Yesterday we previewed the Western Conference matchups, which are ridiculously unpredictable. Today, we handle the East, where the matchups are merely absurdly unpredictable. Get the tough work out of the way first, I always say.
The East hasn’t produced a Stanley Cup champion since 2011, and it has long been the weaker conference. But that gap narrowed this year, and with several strong teams including the league’s Presidents’ Trophy winner and closest runner-up, this could be the year the East reclaims the Cup. But first, we need to figure out who gets there.
Last year, we’d joke about this being the division of the Penguins and everyone else. Now, Pittsburgh is holding on by a thread while everyone crowds around and chants for the Rangers to finish them. Uh, Caps and Islanders should be good too.
No. 2 Washington Capitals vs. No. 3 New York Islanders
Series starts: Wednesday in Washington
Season series: They split four games, three of which went into overtime.
Playoff history: They used to meet every few years during the Patrick Division glory days, but this is their first matchup since the Turgeon/Hunter incident in 1993.
Dominant narrative: Two flawed but entertaining teams that exceeded preseason expectations meet in a series that should be crazy fun.
In this corner: New York Islanders (47-28-7, 101 points, plus-21 goals differential)
The big question: Is the goaltending good enough? Last year, the Islanders’ season was torpedoed by terrible goaltending. They went out and got Jaroslav Halak, who was an instant upgrade and more than enough to stabilize the position. But while he was good, he wasn’t exactly great; he ranked just 23rd in save percentage. He has single-handedly stolen playoff series before, including once against the Capitals in 2010 when he was with the Habs. But the Isles won’t have an edge at the position anywhere along their path to the Cup.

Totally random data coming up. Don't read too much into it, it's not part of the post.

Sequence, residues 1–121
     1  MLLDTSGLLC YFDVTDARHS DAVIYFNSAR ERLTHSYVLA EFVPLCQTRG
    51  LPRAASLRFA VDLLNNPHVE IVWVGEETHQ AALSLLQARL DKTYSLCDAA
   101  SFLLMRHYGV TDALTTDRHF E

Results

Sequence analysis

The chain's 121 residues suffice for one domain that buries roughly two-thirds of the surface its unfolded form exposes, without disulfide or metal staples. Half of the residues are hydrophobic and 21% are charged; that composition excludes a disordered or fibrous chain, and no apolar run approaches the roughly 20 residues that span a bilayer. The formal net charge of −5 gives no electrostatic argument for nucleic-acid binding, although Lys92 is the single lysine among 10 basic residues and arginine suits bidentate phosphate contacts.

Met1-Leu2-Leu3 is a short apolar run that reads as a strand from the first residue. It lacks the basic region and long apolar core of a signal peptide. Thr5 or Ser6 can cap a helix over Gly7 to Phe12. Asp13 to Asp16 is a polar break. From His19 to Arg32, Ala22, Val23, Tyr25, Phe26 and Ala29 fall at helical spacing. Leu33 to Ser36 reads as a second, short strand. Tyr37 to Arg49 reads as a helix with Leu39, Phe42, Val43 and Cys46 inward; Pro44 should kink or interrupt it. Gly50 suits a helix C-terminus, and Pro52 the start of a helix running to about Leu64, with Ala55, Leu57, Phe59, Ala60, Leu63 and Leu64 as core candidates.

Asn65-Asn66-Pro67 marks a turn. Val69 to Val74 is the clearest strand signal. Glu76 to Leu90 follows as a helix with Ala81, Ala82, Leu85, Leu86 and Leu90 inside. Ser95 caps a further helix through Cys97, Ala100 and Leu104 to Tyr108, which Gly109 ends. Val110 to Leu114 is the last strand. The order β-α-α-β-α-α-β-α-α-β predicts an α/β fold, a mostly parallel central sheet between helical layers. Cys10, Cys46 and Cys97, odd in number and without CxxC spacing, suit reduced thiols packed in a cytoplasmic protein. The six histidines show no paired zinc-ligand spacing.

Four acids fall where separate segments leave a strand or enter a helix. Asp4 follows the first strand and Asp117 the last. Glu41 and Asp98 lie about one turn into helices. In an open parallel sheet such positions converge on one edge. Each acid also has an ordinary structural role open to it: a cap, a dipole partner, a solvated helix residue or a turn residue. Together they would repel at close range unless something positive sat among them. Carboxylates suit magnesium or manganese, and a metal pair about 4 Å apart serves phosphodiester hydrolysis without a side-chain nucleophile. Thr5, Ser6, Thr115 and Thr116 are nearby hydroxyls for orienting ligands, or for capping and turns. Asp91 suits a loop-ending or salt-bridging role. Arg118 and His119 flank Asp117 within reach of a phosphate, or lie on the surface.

One player to watch: John Tavares. OK, maybe it’s not the most creative call, but Tavares is the franchise on the Island; he led the team in scoring by 35 points, by far the most of any player in the league. Seeing him go head-to-head with Alex Ovechkin will be a treat.
Health watch: Mikhail Grabovski hasn’t played in two months with a suspected concussion, but he could return at some point. Defenseman Travis Hamonic’s return doesn’t appear imminent, and that’s a big loss.
Key number: 115.7, the average even-strength shot attempts per 60 minutes, for and against combined, for the Islanders this year, the most among playoff teams. In English: This team plays high-event hockey.
Bandwagon potential: Put it this way: The last time they were in the playoffs, we had them at no. 1 in our bandwagon guide. And that was back when they had no hope of even making it out of the first round. This year, they’re pretty good and have to be considered at least a long-shot possibility for a Cup run. It’s also their last year at their decrepit arena, so there’s a nostalgia factor in play too.
They’ll win this series if: Tavares outplays Ovechkin, Halak can stay even with Braden Holtby or at least reasonably close, and they get a break here and there, especially in the inevitable overtime games.
And in this corner: Washington Capitals (45-26-11, 101 points, plus-38 goals differential)
The big question: Can they finally get it done in the playoffs? After all, there may not be a team out there that has built more of a reputation for regular-season excellence followed by a postseason meltdown than the Ovechkin-era Caps. It’s not a fair reputation, mind you — they’ve made the second round in three of their last five appearances, and the only year that really stands out is their first-round exit in 2010, when they simply ran into a red-hot goalie. But it’s still a reputation, and at this time of year those can end up being self-fulfilling if enough people believe them.
One player to watch: Nicklas Backstrom. I could have gone with Ovechkin, but he’s already had plenty of attention over the last few months, so let’s shine some of the spotlight on Backstrom, the high-scoring center who has quietly developed into a very good two-way player. He could wind up playing head-to-head minutes against Tavares, which would be a tough test but one he could handle.
Health watch: Plenty of depth guys are banged up, but the key players are OK.
Key number: .860, the Capitals’ winning percentage when they score first, the best mark in the league. But their .205 winning percentage when they don’t score first is the worst among playoff teams.
Bandwagon potential: Not bad. They came close to breaking through for years, then fell back and were widely dismissed before a coaching change and some aggressive offseason moves fast-tracked them back into the playoffs. You could do worse.
Prediction: This is yet another series that seems like it should be too close to call. It’s not impossible to picture the Capitals running over the Islanders, but I suspect this one goes long. And since I’ve been driving the Islanders bandwagon since September, I might as well stick to my guns. Isles in seven.